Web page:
Certainly the ending to last night’s Justified episode, “The Collection” means that the show is building up to some sort of larger story, right? Perhaps a dramatic season finale that wraps up the five minutes dedicated out of every episode to multi-episode stories and characters?
This isn’t a complaint, just something I’m curious about. In fact, because this is the first season of Justified (and after the past three weeks, I’m confident it will be renewed for a second season) part of the fun has been figuring out how the show is going to progress.
Initially, we were not sure if it would be a week to week show (a la Law and Order) a mostly week to week show with some longer arcs (a la House) or a show that continually builds on a large story line week after week (a la Lost). So far, Justified has settled somewhere in the House range with the bulk of each episode being independent of the rest, but with some longer arcing story lines that play throughout the season.
By the end of this season, my prediction is that the show will end somewhere a little bit north of House and reaching towards Lost (for story structure, anyway). Each week Raylan has had a different criminal/fugitive/token bad guy to go after for the majority of the show. It feels like we’re headed towards a season finale where the bad guy Raylan is after that week will be the culmination of the bits we’re given ever week. Be it Arlo, Boyd or someone else.
At this point, the show seems to be angling itself towards Arlo being the final bad guy of season 1. Last week’s episode certainly exhibited just how bad the relationship between Arlo and Raylan can be as well as showing how devious Arlo can be, even at his advanced age. Not only was Raylan disgusted with his father’s criminal ways, he was betrayed by Helen’s involvement with Arlo’s scheme and felt used by the two of them to help cover their plan.Despite all of this, I’m calling the writers bluff. Since Raylan shot him and he was put in jail back in the first episode, Boyd Crowder has seemingly had a renaissance as a person and is no longer the man who has done many bad things (as he said to Raylan). This seems too convenient to me and feels like an attempt at misdirection. By keeping the focus on Arlo and off of Boyd, a large plot twist can come to fruition in the finale.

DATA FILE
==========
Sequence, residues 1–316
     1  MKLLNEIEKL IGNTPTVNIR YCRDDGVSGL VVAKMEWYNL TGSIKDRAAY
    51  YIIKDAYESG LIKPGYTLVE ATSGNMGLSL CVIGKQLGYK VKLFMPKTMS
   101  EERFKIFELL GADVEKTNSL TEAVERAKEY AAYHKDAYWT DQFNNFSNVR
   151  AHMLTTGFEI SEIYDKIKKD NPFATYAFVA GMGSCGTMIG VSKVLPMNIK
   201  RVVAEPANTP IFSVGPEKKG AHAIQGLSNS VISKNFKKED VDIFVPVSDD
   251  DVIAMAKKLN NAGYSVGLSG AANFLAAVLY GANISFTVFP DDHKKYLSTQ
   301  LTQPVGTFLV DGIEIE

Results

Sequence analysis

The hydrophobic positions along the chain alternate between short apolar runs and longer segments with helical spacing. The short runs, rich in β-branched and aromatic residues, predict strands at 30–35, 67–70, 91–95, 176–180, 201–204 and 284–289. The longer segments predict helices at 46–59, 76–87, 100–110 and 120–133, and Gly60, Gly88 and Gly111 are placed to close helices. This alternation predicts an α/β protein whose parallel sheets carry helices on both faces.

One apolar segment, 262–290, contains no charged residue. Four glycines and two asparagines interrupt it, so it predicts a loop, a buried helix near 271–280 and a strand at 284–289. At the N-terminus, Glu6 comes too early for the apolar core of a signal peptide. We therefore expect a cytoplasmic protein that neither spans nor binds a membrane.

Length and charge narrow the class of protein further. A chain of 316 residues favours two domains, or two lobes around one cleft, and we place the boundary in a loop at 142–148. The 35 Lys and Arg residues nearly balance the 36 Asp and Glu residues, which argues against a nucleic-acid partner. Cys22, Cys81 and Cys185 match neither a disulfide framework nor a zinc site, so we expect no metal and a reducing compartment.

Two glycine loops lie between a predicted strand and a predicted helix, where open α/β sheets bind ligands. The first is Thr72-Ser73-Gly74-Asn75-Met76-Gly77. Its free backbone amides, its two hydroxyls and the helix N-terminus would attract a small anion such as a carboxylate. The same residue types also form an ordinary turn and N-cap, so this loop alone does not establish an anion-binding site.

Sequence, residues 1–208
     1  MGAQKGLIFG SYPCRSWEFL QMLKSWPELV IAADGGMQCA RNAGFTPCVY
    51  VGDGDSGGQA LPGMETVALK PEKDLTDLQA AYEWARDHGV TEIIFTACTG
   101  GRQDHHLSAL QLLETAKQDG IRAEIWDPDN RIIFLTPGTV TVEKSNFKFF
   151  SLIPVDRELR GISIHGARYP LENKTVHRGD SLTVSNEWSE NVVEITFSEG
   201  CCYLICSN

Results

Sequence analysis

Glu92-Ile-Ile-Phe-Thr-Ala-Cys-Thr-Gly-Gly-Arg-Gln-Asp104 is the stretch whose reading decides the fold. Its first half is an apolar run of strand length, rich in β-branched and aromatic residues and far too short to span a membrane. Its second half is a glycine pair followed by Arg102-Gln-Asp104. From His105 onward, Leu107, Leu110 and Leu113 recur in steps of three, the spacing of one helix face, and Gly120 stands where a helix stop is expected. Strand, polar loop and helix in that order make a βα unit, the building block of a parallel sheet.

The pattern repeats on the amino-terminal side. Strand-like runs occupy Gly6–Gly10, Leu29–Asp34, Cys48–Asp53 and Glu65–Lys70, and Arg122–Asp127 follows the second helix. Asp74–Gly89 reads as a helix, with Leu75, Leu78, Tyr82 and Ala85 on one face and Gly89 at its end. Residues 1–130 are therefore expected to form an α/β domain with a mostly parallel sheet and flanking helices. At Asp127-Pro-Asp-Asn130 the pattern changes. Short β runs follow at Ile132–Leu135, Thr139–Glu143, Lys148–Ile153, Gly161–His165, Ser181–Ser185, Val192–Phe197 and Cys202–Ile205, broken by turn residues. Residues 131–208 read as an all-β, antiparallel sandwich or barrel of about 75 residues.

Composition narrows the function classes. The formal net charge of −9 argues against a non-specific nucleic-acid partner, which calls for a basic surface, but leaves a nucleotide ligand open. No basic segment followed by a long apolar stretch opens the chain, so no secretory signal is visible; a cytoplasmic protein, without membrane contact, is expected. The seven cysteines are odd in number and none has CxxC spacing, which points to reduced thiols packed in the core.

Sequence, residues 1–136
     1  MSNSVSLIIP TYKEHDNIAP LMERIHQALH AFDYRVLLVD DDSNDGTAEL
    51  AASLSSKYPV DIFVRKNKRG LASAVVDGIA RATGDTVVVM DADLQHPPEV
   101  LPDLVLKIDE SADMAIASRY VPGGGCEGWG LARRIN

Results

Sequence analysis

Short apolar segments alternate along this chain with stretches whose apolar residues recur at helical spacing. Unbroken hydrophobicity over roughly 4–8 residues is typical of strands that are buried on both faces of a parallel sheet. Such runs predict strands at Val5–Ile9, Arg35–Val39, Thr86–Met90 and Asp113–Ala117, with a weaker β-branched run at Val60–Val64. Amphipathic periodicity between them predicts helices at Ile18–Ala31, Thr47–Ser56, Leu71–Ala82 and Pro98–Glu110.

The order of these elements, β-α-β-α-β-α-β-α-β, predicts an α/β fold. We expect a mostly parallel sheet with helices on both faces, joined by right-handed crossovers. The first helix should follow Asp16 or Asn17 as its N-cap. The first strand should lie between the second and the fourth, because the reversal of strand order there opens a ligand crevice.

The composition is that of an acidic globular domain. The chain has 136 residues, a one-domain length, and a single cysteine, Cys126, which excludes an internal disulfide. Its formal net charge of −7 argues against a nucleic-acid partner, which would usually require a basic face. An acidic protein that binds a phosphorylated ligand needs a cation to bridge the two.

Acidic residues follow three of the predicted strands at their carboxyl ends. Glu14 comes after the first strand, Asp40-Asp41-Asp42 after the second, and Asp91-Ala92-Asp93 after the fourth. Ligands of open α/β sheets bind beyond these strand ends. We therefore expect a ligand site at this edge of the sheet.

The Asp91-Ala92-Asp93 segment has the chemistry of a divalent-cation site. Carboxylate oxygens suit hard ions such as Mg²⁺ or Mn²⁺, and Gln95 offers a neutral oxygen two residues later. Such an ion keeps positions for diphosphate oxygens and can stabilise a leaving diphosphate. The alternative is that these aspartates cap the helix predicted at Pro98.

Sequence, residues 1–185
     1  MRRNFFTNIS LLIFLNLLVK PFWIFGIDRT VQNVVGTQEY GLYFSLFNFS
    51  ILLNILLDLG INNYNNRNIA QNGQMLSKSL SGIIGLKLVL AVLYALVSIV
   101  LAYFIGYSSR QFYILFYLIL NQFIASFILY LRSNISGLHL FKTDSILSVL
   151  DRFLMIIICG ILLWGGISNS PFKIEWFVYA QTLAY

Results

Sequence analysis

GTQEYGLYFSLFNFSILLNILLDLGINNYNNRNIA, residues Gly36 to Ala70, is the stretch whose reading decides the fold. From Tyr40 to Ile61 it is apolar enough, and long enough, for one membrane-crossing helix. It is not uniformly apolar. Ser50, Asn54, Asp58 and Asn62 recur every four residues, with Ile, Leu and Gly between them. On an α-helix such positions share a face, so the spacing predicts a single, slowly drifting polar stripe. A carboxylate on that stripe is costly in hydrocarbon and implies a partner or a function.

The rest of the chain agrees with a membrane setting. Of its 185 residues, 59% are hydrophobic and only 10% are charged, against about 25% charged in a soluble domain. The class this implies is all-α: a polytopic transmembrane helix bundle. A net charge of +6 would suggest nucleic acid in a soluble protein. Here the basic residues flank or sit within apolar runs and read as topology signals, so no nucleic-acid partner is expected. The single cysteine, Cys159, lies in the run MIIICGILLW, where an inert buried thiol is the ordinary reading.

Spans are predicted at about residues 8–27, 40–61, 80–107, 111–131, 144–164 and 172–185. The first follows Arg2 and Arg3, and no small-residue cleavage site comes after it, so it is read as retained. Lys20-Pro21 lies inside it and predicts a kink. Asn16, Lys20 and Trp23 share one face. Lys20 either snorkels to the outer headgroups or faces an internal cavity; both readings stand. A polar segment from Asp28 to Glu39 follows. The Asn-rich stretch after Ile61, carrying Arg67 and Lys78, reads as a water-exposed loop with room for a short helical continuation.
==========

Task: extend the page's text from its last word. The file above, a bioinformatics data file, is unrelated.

Consider this: what if Boyd has not had the large change of heart that we’re being led to believe, but rather is trying to manipulate Raylan in some capacity. Certainly Boyd could not predict that Raylan would come to him for help with his father. Once he did, however, Boyd saw an opening. Despite Raylan’s often cavalier demeanor, Boyd understood that dealing with Arlo makes Raylan more emotional than normal. Tell Raylan what he wants to hear in return for…well, something.
Admittedly, I can’t figure out what Boyd would get out of Raylan. Without know the parameters of Boyd’s incarceration, it’s hard to predict what kind of a deal he’d strike with whatever law enforcement agency would give him one. Heck, it’s pretty confusing that they guy who go shot, Boyd, is in prison while the shooter, Ava, is running free. Fortunately, the show does allude to this point on occasion by reminding us that the feds are still investigating both Rayland and Ava.
On the other side of the coin, why does Raylan trust Boyd? How can Raylan know that anything Boyd is telling him is true? Maybe Boyd is just making up what Raylan wants to hear about his father. Certainly Boyd knows enough of Arlo’s background and their history to come up with a credible story to entice Raylan to go after his father. This scenario seems more likely to me than Boyd suddenly becoming a good guy and helping out Raylan. It’s certainly more interesting.
As for this week’s plot, certainly interesting and better than the second and third episodes, but not quite up to the last two weeks. Having amateurs plan crimes that Raylan sniffs out isn’t particularly interesting. It’s simply too easy to see the flaws in their plans. The fake-suicide scheme that Karen came up with reminded me too much of the buffoons from the third episode.
And yet, the angle with an Order of Forfeiture, an art buyer and art forgeries made it a bit more interesting. The writers certainly did a good job of incorporating Carl Hanselman into the larger plot by giving Raylan some pause about spending a life angry at your father. If nothing else, Chief Mullen gets better each week with providing comedic relief with his one-liners. There are a bunch of good ones in this week’s quotes section.
Where do you think Justified is headed? Will Arlo be the ultimate target or will Boyd? Or will the show go another direction and keep those two as consistent thorns in Raylan’s side for the entire series? Tell us what you think.